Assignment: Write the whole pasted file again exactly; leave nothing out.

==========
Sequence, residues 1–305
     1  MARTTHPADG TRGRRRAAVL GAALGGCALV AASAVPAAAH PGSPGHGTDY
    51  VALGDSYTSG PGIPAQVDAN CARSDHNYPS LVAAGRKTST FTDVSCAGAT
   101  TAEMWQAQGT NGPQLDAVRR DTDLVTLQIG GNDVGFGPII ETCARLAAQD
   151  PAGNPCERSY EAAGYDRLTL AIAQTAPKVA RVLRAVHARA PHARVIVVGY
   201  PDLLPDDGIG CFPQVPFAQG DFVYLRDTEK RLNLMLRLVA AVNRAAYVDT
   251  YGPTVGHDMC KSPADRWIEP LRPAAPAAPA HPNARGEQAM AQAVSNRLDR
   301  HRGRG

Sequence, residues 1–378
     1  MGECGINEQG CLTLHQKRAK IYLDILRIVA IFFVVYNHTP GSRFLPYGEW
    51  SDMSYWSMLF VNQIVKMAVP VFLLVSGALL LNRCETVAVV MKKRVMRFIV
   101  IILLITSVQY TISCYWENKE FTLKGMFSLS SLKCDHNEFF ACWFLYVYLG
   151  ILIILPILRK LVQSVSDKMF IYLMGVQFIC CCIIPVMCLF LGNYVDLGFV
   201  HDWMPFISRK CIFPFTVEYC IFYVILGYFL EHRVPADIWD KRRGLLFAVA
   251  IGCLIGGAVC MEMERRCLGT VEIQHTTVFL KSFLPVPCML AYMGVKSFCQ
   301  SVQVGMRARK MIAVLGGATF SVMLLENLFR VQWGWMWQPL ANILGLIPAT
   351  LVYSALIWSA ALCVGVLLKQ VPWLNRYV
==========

Sequence, residues 1–305
     1  MARTTHPADG TRGRRRAAVL GAALGGCALV AASAVPAAAH PGSPGHGTDY
    51  VALGDSYTSG PGIPAQVDAN CARSDHNYPS LVAAGRKTST FTDVSCAGAT
   101  TAEMWQAQGT NGPQLDAVRR DTDLVTLQIG GNDVGFGPII ETCARLAAQD
   151  PAGNPCERSY EAAGYDRLTL AIAQTAPKVA RVLRAVHARA PHARVIVVGY
   201  PDLLPDDGIG CFPQVPFAQG DFVYLRDTEK RLNLMLRLVA AVNRAAYVDT
   251  YGPTVGHDMC KSPADRWIEP LRPAAPAAPA HPNARGEQAM AQAVSNRLDR
   301  HRGRG

Sequence, residues 1–378
     1  MGECGINEQG CLTLHQKRAK IYLDILRIVA IFFVVYNHTP GSRFLPYGEW
    51  SDMSYWSMLF VNQIVKMAVP VFLLVSGALL LNRCETVAVV MKKRVMRFIV
   101  IILLITSVQY TISCYWENKE FTLKGMFSLS SLKCDHNEFF ACWFLYVYLG
   151  ILIILPILRK LVQSVSDKMF IYLMGVQFIC CCIIPVMCLF LGNYVDLGFV
   201  HDWMPFISRK CIFPFTVEYC IFYVILGYFL EHRVPADIWD KRRGLLFAVA
   251  IGCLIGGAVC MEMERRCLGT VEIQHTTVFL KSFLPVPCML AYMGVKSFCQ
   301  SVQVGMRARK MIAVLGGATF SVMLLENLFR VQWGWMWQPL ANILGLIPAT
   351  LVYSALIWSA ALCVGVLLKQ VPWLNRYV